Low on big ideas and rhetoric, Labour must tackle class inequality
As the party's conference looms, Mary Evans asserts that keeping its earlier pledges on education would help to combat societal divisions
In his preface to the 1959 edition of his novel Brideshead Revisited, Evelyn Waugh wrote that he had been wrong to assume (as he had in 1945) that all was over for the aristocracy. "The English aristocracy", he wrote, "has maintained its identity to a degree that then seemed impossible."
In 2012, a further preface might be necessary: not only has the aristocracy retained its identity, it has also maintained a stranglehold on government.
Faced with both the social composition and the social attitudes of the present coalition government, there have been many recent calls for the Labour Party to become vocal, indeed rhetorical, in the defence of public services and ideals of fairness and equality. A return to the days of Churchillian bombast is advocated, no longer by the Right - its usual advocates - but now by the Left.
Yet what exactly is to be said is more problematic, not least because the Labour Party's two most widely remembered sound bites of recent years are "education, education, education" and "tough on crime, tough on the causes of crime". Both these policies have little meaning unless seen in the context of social inequality and social class, but the fundamental issue of social class is seldom mentioned by party leader Ed Miliband or others in the Labour leadership. Class, as Miliband's father Ralph wrote in Parliamentary Socialism: A Study in the Politics of Labour, is "always repudiated by Labour leaders".
But not "doing" class, as Miliband elder realised, leaves the political landscape at the command of those who assume that it is theirs both to define and govern. In one telling example, Michael Gove, the education secretary, made a passing reference recently, during a debate on achievement in education in the House of Commons, to "three professors". The contempt with which he voiced those words came across clearly over the radio: education, rational thought, debate and careful research all vanished into a sneer of dismissal. Gove is in no sense an aristocrat (in terms defined by Waugh or anyone else) but his assumption of a right to reject evidence with nothing more than the confidence of class is part of the landscape of current political debate that the Labour Party is being asked to challenge.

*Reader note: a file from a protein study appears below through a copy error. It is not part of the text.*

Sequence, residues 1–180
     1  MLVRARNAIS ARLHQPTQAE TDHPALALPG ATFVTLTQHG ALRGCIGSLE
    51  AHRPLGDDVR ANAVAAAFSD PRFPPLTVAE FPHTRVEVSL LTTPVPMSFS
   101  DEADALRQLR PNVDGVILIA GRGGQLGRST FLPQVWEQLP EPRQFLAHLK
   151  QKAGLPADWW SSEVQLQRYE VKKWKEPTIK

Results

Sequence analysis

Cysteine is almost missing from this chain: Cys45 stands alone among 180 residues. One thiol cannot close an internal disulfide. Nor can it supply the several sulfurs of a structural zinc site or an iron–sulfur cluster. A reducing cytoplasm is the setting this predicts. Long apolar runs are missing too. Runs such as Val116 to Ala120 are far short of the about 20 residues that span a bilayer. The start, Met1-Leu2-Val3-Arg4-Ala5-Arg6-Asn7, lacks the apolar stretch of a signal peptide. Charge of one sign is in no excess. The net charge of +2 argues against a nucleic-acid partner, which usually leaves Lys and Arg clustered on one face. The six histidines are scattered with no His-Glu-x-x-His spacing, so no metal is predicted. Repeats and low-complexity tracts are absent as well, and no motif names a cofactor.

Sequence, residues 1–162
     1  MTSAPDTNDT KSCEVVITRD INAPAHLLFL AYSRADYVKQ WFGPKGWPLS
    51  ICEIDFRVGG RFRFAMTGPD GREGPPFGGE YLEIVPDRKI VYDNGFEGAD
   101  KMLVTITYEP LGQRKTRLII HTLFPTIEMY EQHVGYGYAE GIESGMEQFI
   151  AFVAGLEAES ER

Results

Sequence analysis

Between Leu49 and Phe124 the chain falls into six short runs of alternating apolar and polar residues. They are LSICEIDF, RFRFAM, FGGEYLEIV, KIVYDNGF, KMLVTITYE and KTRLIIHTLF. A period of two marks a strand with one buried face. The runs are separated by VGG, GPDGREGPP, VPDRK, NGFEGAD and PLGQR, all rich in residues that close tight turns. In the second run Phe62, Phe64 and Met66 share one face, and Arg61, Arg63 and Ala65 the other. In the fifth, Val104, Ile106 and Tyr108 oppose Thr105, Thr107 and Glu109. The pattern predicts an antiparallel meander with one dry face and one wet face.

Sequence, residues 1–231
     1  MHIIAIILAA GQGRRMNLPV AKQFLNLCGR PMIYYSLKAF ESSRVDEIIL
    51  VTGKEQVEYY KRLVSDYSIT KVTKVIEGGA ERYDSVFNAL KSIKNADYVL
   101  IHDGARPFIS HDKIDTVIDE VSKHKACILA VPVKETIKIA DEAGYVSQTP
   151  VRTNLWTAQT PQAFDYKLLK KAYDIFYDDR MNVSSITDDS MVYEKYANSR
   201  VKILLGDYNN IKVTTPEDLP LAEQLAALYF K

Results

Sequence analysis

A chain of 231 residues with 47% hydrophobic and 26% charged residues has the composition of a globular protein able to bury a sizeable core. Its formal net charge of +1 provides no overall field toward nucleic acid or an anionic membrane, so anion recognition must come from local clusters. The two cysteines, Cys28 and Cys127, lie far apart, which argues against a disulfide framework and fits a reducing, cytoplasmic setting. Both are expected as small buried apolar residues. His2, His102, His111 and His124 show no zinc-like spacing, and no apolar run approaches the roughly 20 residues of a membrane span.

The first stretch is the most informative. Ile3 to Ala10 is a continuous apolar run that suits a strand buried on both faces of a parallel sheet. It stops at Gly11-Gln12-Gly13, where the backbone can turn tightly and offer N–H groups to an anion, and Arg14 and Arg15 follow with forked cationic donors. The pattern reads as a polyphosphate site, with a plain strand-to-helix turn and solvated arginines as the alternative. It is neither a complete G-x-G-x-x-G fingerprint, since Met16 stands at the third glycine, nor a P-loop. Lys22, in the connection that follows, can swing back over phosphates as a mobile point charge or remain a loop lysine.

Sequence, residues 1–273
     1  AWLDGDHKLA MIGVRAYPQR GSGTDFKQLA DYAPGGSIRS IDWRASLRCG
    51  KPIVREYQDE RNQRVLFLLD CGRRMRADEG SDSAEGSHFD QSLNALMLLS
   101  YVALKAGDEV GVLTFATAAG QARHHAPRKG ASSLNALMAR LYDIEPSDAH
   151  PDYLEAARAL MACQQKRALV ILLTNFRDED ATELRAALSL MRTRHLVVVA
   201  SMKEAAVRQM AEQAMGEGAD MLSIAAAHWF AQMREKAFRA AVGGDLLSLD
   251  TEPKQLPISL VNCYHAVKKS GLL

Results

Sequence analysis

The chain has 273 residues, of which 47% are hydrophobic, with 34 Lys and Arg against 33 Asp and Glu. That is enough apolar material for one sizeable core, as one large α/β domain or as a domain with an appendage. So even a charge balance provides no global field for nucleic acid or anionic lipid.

The Labour Party is being encouraged to turn to "big" ideas. But perhaps there is one big idea that involves less rhetoric and more thought: that of standing up for the implications and the benefits of all that education that Labour has been so eager to endorse.
One of those implications is that education allows us to understand more: to be able to speak with educated assurance about the inequalities of class and class relations. This is not about endorsing moralistic class divisions (the "good" poor and the undeserving poor, the former beloved - although not radically assisted - by conservatives since Matthew Arnold), because these divisions serve only to enforce refusal of the consequences of class divisions. It is about pointing out, on behalf of nearly all of us, that many of us provide, and we all depend on, state services, and that it is entirely legitimate to work outside the market economy. At the same time, we might also expect the Labour Party to speak for those millions of people who work for very low pay and yet provide socially essential work. Exactly what, we might ask, is so frightening about pointing out that a society cannot exist with those who perform what are defined as "low skill" tasks? The collapse of the fantasy world of Tony Blair, in which higher education automatically led to secure middle-class employment, is not about the failure of education, but about a refusal to recognise the context of education.
Outside the Westminster world, the extent of public dissatisfaction with many forms of evidence-free judgement has become clear in recent years. In this context, in which all kinds of organisations and groups have written informed critiques of both foreign and domestic policies, relying on greater rhetorical flourish would be inadequate.
Education is not about skills or entry to the middle class: it is part of a much greater concept that involves understanding the world in which we live. That world includes privilege - often extreme, often divisive. Refusing its existence offers Labour little alternative except empty rhetoric.
Mary Evans is visiting fellow at the Gender Institute, London School of Economics.